Eye For Film >> Movies >> 24 City (2008) Film Review
Reviewed by: Amber Wilkinson
Documentary has been on the rise in recent years and has been matched, almost step for step, by the burgeoning output of docudramas. This melding of fact and fiction can sometimes be an unsatisfactory mix, particularly when dealing with specific well-known events and people, such as in Stephen Frears' The Queen, or Tom Hooper's Longford, since the opportunity for filmmakers to editorialise is all too great. When dealing with larger concepts that are affecting a communal psyche, however, this technique can come into its own with the fictional distillation of many people's stories adding a weight and focus to the overall argument, as in the likes of Nick Broomfield's Ghosts, which examined illegal immigration to the UK, or Brian DePalma's Redacted, exploring the nature of truth and media representation in Iraq.
This blending of truth and invention is a key plank of Chinese director Jia Zhang-Ke's work, which skates so close to documentary it is hard to spot the join. Alongside other members of China's "Sixth Generation", he has shifted the focus from the epics of the likes of Zhang Yimou to an altogether more stark form of realism, focussing on the changes sweeping the country.
In last year's Still Life, Zhang-Ke explored the monumental transformation of the landscape of rural China, courtesy of the flooding of The Three Gorges Dam, carefully intervweaving footage of an actual town being flooded with a loose narrative about the search for lost love. Now, in 24 City, he returns to the subject of China's shift away from state-driven employment to something more akin to the market economy of the West.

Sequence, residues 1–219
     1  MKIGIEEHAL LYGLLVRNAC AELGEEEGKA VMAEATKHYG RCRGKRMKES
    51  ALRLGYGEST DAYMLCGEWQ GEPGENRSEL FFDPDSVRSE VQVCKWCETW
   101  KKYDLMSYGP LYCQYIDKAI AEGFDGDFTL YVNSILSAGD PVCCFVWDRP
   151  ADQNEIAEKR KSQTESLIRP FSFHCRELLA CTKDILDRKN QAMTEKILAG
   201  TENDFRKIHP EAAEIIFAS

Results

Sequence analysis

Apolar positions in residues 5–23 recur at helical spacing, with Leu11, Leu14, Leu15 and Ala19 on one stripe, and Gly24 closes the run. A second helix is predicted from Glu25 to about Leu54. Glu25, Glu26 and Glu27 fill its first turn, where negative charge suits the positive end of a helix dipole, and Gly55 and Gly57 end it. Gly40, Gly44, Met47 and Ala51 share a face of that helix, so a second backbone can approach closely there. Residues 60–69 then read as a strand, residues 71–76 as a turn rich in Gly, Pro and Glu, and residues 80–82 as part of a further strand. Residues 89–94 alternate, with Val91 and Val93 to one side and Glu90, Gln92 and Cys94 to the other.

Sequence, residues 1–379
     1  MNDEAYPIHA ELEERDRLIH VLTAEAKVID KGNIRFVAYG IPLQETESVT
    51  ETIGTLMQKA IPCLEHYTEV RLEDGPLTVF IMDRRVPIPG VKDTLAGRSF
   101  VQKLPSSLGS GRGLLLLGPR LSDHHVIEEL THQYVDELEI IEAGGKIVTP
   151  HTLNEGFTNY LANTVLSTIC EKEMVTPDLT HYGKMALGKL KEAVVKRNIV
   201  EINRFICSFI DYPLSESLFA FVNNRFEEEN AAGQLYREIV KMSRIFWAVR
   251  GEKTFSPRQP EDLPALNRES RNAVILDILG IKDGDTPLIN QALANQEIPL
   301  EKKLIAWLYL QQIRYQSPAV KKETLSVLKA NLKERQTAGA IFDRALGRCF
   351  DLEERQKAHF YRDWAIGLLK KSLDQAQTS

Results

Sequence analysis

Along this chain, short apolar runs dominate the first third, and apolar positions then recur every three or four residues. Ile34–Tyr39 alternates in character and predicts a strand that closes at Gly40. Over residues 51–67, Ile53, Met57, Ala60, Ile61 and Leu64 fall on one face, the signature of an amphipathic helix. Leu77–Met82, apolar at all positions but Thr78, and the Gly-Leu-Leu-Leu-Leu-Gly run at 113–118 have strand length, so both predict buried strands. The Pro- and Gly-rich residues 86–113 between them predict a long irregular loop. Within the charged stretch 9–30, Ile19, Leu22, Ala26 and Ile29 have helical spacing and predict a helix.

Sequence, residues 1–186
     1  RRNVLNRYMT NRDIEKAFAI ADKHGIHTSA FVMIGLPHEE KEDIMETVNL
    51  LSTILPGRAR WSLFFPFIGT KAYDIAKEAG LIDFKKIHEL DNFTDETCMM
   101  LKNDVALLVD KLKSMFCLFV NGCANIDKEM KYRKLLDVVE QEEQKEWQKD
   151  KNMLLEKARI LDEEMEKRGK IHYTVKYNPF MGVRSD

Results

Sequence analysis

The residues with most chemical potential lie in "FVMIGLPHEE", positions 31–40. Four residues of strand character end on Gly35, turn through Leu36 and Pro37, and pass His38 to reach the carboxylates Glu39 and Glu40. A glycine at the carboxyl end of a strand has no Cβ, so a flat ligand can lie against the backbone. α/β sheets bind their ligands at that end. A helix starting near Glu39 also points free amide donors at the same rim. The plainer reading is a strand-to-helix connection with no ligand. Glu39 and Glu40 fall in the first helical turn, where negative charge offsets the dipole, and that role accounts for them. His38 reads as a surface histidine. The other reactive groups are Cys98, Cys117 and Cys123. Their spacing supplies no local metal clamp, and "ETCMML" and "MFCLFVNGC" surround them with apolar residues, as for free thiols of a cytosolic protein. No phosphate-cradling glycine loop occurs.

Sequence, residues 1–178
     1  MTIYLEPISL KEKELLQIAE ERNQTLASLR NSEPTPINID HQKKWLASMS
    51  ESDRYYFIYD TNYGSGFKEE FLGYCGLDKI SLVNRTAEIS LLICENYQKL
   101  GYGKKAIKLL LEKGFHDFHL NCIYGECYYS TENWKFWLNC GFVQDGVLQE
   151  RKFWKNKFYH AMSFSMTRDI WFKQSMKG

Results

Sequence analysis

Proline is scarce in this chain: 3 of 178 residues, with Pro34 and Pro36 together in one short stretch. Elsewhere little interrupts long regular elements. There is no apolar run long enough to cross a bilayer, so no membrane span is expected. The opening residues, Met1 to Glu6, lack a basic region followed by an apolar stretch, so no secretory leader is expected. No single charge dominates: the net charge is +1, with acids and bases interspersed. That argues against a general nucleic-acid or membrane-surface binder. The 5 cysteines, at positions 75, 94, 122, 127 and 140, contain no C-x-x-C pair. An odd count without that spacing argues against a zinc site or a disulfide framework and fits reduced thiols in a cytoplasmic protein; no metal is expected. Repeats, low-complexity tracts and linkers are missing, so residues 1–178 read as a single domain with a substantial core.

He focuses on a munitions plant in Chengdu, which is being dismantled for conversion into a luxury apartment complex – the 24 City of the title - and intercuts footage with real former employees and testimony from actors, including veteran Joan Chen. By mixing these techniques, he is not only able to distill several testimonies down in an economy of storytelling but also to investigate the nature of memory.
As they recount tales of either working at the plant, or members of their family doing so, one is left, as in Still Life, with the impression of a totally stressed out nation, struggling to come to terms with the all-too-rapid change of pace. As the leviathan of the factory is dismantled, it becomes a physical symbol of the end of an era in which work was a way of keeping young, replaced with something that no one is yet too sure of. Despite the neat blending of real and "acted" accounts, the film is at its best when dealing with genuine events, in particular an early segment when a former worker pays an emotional visit to his mentor.
Zhang-Ke is finding a stronger voice and a greater level of invention with each passing film. Like China, his work seems to be undergoing a steady metamorphosis and promises much for the future.Reviewed on: 06 Oct 2008
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